This is the same green looking up to the balcony. Looks more olive green. But this is in a darker region of a room. I think the olive is fine. At least it's green! Don't mind the paneling. It's just primed. It'll be beautiful when it's done.
This is looking toward the kitchen and it's yet another green, but still green. Again, it's in a darker portion of the room. But I can't keep the room dark! I need light! And light means chartreuse. *sigh* It makes me so sad.
I'm so exhausted and the green is making it worse. But I must get the paint color pinned down this week. This week the kitchen flooring is going in (which has already started out with drama and added money) and my painter is off doing another job. So I supposedly have time to pick out a new paint. But let me talk about the BM dill pickle. It's the magical morphing color!
I made my paint sample on poster board, painted blocks on all 4 of the walls and looked at it in all kinds of light situations. When the painter first put it on, I was so excited, because it was covering blah white walls, and it was the evening (which is when it looks best). I also knew that it took me 3 coats of paint on my samples to bring it up to full color. So I was forgiving.
I walked in the next morning and it was glowing! and not in a good way. You saw the picture. 2nd coat didn't make it glow any less. I asked for a 3rd coat, due to my testing experience. Now remember, this is benjamin moore paint. It's not cheap. and it takes 1+ gallons to do 1 coat. yeah, you can add that up.
So fast forward to current day. I've got three test coats of new greens on. One is one suggested by the BM guy and two are what I picked from Sherwin Williams. I do not love or even like them. The BM guy suggested a sage. But it looks brownish gold. The SW sage I chose is bluish gray, and the other SW color is bluish green and kinda childish looking. *sigh* The BM guy felt bad for me, so that sample didn't cost, but the 2 SW samples set me back $12. Oh, and these colors did look green on the sample boards.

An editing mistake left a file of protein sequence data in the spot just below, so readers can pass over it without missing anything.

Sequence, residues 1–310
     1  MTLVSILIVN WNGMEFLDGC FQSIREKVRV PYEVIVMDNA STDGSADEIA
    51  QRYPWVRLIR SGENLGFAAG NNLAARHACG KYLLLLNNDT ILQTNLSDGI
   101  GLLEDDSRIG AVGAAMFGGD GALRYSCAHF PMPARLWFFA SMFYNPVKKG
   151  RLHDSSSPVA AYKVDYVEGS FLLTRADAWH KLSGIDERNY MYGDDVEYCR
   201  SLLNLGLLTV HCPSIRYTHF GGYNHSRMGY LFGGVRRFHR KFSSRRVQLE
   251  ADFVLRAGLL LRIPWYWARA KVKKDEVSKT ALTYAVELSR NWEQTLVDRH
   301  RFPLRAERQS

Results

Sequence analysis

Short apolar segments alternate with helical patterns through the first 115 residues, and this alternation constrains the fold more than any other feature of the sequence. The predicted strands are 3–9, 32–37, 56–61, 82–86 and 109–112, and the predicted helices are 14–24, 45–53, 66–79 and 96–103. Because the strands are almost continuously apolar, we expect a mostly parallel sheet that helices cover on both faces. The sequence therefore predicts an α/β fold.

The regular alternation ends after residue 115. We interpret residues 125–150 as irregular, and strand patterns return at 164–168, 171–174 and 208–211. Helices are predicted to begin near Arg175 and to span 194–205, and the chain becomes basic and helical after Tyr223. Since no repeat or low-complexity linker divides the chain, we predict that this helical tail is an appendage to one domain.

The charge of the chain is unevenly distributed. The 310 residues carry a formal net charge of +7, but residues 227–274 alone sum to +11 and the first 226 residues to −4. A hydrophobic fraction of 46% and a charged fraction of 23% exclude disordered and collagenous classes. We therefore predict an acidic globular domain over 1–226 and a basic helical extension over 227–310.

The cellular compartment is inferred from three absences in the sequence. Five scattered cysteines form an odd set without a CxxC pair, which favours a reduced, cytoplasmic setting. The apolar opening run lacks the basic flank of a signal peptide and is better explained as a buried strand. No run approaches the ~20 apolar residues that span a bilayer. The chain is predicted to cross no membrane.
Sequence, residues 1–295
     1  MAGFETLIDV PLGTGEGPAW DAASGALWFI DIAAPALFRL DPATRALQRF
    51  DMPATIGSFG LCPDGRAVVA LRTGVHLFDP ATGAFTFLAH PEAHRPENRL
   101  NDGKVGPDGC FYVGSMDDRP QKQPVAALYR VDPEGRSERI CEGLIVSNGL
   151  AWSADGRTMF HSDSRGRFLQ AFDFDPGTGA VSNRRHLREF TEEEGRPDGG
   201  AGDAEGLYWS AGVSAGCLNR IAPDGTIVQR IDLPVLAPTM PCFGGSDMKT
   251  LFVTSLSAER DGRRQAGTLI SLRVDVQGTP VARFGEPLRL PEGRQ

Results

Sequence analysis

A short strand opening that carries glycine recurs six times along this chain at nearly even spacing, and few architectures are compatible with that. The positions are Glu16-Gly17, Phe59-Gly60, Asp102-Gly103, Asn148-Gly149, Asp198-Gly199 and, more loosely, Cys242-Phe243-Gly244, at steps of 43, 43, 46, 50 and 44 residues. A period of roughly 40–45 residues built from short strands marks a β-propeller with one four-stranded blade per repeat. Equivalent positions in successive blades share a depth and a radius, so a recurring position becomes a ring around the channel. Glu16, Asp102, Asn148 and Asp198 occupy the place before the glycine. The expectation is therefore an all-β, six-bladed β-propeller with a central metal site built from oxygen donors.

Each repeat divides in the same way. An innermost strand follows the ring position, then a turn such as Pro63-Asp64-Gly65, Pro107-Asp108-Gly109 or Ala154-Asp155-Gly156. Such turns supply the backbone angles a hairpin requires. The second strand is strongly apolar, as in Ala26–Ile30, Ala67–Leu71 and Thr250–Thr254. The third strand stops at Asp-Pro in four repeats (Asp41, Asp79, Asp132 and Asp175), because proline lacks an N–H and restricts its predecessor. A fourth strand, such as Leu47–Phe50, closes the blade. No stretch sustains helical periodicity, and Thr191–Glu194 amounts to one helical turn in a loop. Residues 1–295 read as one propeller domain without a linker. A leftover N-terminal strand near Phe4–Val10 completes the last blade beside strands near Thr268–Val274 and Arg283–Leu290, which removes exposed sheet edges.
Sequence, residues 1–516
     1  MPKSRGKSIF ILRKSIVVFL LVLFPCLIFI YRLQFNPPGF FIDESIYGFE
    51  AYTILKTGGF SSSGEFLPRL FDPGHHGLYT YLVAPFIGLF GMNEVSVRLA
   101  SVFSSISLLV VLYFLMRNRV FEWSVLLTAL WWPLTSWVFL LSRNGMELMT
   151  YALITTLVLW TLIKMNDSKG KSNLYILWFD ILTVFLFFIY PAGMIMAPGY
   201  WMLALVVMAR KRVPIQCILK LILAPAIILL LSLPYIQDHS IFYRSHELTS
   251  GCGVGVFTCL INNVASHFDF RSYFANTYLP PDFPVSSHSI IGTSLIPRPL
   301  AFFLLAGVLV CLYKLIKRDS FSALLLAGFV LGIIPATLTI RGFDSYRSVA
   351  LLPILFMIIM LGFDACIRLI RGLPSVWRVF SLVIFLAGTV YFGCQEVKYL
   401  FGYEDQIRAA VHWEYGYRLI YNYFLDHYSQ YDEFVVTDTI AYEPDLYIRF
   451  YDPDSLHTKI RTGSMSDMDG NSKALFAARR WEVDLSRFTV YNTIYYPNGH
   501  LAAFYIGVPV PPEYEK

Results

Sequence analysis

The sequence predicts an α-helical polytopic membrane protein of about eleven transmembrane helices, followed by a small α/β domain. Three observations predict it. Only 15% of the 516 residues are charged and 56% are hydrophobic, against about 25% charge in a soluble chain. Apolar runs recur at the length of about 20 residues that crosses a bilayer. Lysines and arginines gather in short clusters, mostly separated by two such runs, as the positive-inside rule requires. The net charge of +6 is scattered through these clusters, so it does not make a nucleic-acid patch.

I went home for Thanksgiving and my parents gave me 3 gallons of the paint they use in their home. (They went all yellow, one is a yellowish cream) So I'm used to looking at an all yellow house. Yellow goes with everything. Tonight I got the big rollers out and rolled on some honkin big swatches of the two yellows. I vetoed the cream when I saw the posterboard sample I painted. Too bland. yellow is a safe choice. But is it enough color? I've had all the 70's wood paneling painted white, is there enough contrast? It is cheerful, that is for sure and that is what I want. Sage is too stately, formal and somber. But in the back of my mind I really believe that green is the color for that room. I came close with the dill pickle, when the color/lighting cooperates. *sigh*
Why does this have to be so hard??
Back to the dill pickle and all the details, and I'll never talk about it again (the story is getting so old). The painter swiped a small stroke of the paint he was using on my poster sample and when it dried, I swear you can see yellow that is not on the sample. Yes, you have to hold it in the sunlight, but it's there. The guy at the store said it's probably the difference in mixing a pint and a gallon. *sigh* How are we supposed to trust the sample if it's not the same as the gallon? This is a huge deal! I'd like answers from the powers-that-be at Benjamin Moore. And not the corporate "it's a close approximation" disclaimer. Really. How are we supposed to make a decision on false premises? Seems like a reasonable question to me.
I'm not sure if I'm ready to post about the kitchen flooring - especially since it's still in the demo mode. Maybe after it's all laid and I'm smiling again...